Monsanto’s Beachell‐Borlaug International Scholars’ Program Funded at $2 Million per year for 5 years – total Funded at $2 Million per year for 5 years – total $10 millionGo to www.monsanto.com/mbbischolars for information and application forms Source: CIMMYT
Monsanto, Agriculture andMonsanto Agriculture and SUSTAINABILITY
Monsanto’s Commitment to Sustainable Agriculture• Producing more•CConserving i more• Improving lives
Goal:Help farmers double yields of corn, soybeans and cotton from 2000‐2030
Commitment:Help farmers reduce use of key resources used in Help farmers reduce use of key resources used inagriculture by 1/3 per unit of output
Source: CIMMYTCommitment:Farmers of all sizes become more productive, including Farmers of all sizes become more productive, including5M people in resource‐poor families
What is Sustainability? y• “. . . development that meets the needs of the present without needs of the present without compromising the ability of future generations“ Next Generation Plant Scientists
Food for All: Rice and Wheat $10 Million for Research $10 Milli f R h
Food for All: Rice and Wheat $10 Million for Research $10 illi f h
Yield improvement of corn vs. other crops vs other crops How did this happen?• Breeding, biotech and agronomics• Excellent genetics – diploid, large diversity pool, extensive improvements over wild varieties g p , g yp , p• Investment in research U.S. AVERAGE CROP YIELDS (1866–2006) Corn nnes/ha) Yield (ton Sorghum Barley Wheat Soybean Oats Rye Cotton Year SOURCE: USDA, NASS
Supplying the worlds daily bread:• Wheat Facts and Futures. Increasing at only 0.9% each year, wheat production is lagging behind the demands of a global population that grows 1.5% or more annually.• Rice Facts and Futures. Increasing at a rate less than increase in population.• Corn is the major exception with yield increases larger than increase in population. g p p
Our Mentors for Monsanto’s Beachell‐Borlaug International B h ll B l I i l Scholars Program Dr. Henry BeachellDr. Norman Borlaug
Monsanto‐Beachell‐Borlaug Scholars Program• P ti i Prestigious competitive titi fellowships to train the scholars capable of becoming leaders in agriculture in the most advanced breeding advanced breeding technologies available to address the greatest global challenges of Rice and h ll f Ri d Wheat. We are looking for the best and brightest Left to right – Hugh Grant, President and Chairman – Monsanto; Norman Borlaug; and Ted Crosbie, Vice Monsanto; Norman Borlaug; and Ted Crosbie Vice students. President for Global Plant Breeding ‐ Monsanto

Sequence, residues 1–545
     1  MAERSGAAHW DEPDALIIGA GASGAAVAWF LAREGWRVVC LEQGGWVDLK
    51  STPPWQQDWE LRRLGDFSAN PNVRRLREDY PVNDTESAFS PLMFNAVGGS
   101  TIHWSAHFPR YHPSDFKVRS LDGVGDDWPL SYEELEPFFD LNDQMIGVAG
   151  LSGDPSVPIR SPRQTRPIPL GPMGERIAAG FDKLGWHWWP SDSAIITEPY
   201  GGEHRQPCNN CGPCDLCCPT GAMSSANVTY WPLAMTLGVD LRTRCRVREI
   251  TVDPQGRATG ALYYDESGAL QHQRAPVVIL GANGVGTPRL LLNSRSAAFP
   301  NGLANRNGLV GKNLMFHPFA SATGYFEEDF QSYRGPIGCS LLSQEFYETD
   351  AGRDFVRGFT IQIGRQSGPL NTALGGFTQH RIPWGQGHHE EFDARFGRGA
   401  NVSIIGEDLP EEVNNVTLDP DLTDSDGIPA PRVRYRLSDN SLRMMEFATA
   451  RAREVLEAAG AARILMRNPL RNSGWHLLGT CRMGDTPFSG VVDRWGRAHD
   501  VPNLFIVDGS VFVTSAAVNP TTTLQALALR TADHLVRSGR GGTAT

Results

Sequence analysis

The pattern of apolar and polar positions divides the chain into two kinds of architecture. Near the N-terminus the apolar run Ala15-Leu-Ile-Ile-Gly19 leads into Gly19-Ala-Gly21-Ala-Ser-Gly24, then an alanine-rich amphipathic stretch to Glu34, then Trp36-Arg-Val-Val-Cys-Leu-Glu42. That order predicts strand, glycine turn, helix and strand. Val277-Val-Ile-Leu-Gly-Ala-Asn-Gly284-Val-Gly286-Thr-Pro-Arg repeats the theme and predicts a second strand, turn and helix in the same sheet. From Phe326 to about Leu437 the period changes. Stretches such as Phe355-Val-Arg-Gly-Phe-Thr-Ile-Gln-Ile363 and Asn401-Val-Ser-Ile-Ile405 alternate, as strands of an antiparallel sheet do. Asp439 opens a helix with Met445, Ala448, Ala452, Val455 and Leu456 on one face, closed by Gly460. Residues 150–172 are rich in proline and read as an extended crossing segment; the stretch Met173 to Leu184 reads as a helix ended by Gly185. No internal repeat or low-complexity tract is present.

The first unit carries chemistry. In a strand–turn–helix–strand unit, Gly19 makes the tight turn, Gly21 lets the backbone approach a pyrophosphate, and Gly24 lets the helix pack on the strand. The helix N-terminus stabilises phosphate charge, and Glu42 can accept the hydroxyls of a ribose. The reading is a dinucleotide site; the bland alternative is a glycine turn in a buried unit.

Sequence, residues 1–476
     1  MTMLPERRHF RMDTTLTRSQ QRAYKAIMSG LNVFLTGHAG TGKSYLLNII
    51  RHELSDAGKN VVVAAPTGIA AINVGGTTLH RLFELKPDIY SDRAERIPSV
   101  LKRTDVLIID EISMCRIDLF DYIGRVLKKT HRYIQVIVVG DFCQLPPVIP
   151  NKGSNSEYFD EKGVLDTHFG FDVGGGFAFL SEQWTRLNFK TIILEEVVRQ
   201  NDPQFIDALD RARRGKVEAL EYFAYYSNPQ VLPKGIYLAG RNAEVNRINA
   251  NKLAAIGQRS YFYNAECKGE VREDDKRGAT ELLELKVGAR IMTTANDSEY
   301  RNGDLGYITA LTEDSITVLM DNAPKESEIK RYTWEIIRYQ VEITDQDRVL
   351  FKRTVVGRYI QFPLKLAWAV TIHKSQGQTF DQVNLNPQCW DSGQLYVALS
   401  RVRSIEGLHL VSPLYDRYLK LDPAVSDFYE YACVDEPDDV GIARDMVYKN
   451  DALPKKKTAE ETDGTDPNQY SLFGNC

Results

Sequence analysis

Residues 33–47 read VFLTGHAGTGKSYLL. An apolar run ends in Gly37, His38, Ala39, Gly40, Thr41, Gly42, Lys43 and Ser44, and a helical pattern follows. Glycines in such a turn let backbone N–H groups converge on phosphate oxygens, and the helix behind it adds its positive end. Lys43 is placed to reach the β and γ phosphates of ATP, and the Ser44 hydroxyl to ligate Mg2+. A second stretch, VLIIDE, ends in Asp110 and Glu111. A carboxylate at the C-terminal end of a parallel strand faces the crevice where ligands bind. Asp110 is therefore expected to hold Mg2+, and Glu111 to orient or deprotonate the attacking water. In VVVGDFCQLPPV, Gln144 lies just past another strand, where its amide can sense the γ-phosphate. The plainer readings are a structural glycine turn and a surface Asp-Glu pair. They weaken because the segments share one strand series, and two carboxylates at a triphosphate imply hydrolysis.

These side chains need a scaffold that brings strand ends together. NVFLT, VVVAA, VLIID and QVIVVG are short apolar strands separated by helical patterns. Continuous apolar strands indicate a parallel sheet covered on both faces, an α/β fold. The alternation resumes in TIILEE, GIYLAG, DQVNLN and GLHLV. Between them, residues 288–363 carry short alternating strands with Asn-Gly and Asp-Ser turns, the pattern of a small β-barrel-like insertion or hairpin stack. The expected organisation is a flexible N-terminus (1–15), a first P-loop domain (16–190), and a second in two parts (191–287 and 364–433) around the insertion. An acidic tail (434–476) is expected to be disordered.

Monsanto’s Beachell‐ Monsanto’s Beachell‐Borlaug International Scholars Program International Scholars Program• Funding: $2 Million/yr Funding: $2 Million/yr. for 5 years – total $10 for 5 years – million • Prestigious competitive fellowships to educate scholars capable of scholars capable of becoming leaders in agriculture • Focus on addressing global challenges of Rice Left to right – Hugh Grant, President and Chairman – and Wheat. and Wheat and Wheat. Wheat. Monsanto; Norman Borlaug; and Ted Crosbie, Vice Monsanto; Norman Borlaug; and Ted Crosbie Vice President for Global Plant Breeding ‐ Monsanto
Benefits of MBBI Scholars Program Benefits of MBBI Scholars Program• Seeks to increase capacity in developed and p y p developing countries for scientific research• Link institutions in developed and developing countries. • Students must conduct part of their research in each linked institution. i h li k d i tit ti• Provides a full package of support for winning students winning students • Student stipend, tuition, fees, travel, funds Source: CIMMYT for collaborating institutions and professor. g p for collaborating institutions and professor
MBBI Scholars Program First and Second Year Results and Second Year Results• Program is directed by Dr. Ed Runge, e‐firstname.lastname@example.org Program is directed by Dr. Ed Runge, e‐• Administered by the Texas AgriLife Research Center, Texas Administered by the Texas AgriLife Research Center, Texas A&M University, College Station, TX 77843‐ A&M University, College Station, TX 77843‐2474 –48 & 47 applications received in 1st & 2nd round –12 & 14 funded (from 17 different countries) – Students are from Argentina, Bangladesh, Brazil, China, Colombia (3), England, Ethiopia (3), Kenya, Korea, India (4), C l bi (3) l d hi i (3) di ( ) Iran, Italy, Mexico (2), Nepal (2), Philippines, Syria & USA.• Funded fellowships: 17 in wheat and 9 in rice breeding Funded fellowships: 17 in wheat and 9 in rice breeding Funded fellowships: 17 in wheat and 9 in rice breeding• 3rd Round Applications: November 1, 2010 to February 1, 2011. Round Applications: November 1, 2010 to February 1, 2011.• More Information: http://www.monsanto.com/mbbischolars